In a pre-technological world one of the ways humans tried to have this control was through magic. (Interestingly, this response is seeing a new lease on life in our complex world—see the rise of such groups as Wiccans, &c.) By worshiping certain supposed powers and engaging in various rituals it was thought we could be free from our fears and anxieties for a time. The scriptures record many stories of such activities, from orgies on the hilltops meant to ensure better crops by “communing with Baal,” to sacrificing children as a way of appeasing the fiery god Moloch. Indeed, idolatry in all its forms is really just a massive attempt to overcome the effects of sin and death by furiously seizing whatever means of control seems to be at hand. It only furthers our separation from God, however.
We can think we have “evolved” pretty far from this—but we delude ourselves. A technological society has fashioned new, “demythologized” gods and worships at other, “scientific” (but often more blood-soaked) altars. Alienation from the Trinity continues to drive us to horrific things: drug addiction, consumerist materialism, religious and atheistic extremism, industrialized warfare, sexual delusion, exploitation of weak nations and peoples by strong ones… the list goes on and on. We tend to think of these things as inevitable results of modernity, or as something we can fix through education, but are they? Their origin, the scriptures show us, is much deeper. It comes from a decision we continue to make to live apart from the revealed will of God and the order manifest in his Creation. That separation leads to an anxiety we attempt to “fix” by seeking more and more autonomy, more and more control: in other words, to attempt to be God rather than to live in communion with God.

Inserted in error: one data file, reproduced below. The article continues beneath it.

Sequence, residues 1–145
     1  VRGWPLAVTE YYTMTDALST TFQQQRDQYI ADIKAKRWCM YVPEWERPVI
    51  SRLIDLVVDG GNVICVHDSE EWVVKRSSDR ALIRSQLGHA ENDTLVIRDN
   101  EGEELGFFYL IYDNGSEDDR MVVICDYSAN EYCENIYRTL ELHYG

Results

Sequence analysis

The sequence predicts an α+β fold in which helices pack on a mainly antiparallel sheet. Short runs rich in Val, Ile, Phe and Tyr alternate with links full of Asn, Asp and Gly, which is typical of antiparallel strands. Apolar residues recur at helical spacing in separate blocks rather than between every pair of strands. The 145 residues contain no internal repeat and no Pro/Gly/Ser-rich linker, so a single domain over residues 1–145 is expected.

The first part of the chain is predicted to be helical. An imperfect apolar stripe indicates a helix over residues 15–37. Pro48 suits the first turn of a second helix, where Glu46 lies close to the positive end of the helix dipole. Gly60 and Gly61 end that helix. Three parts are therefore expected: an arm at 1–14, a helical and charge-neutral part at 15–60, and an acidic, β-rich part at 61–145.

From genetically-modified foods to genetically-modified relationships and societies, we are living in the Second Great Wave of Eugenics. The first one, espoused by everyone from Henry Ford to Adolph Hitler, proved to be a horror. The second one promises to start out more subtly, but proceed along the same basic course. Forsaking God’s leading and turning away from the other book of scripture God gave us—the Creation—we will continue to delude ourselves into thinking that we are gods, autonomous and free to make up the rules as we go. Like an alcoholic on a binge, we will only learn when we “hit bottom,” whatever that means.
In the midst of this, the Church must struggle to proclaim the Gospel’s message that this “separation anxiety” cannot be overcome in any way save through the union with God, neighbor, and Creation available in Jesus Christ our Lord. Not only must our official documents say this, but our worship itself must show it forth—and it does, if we let it.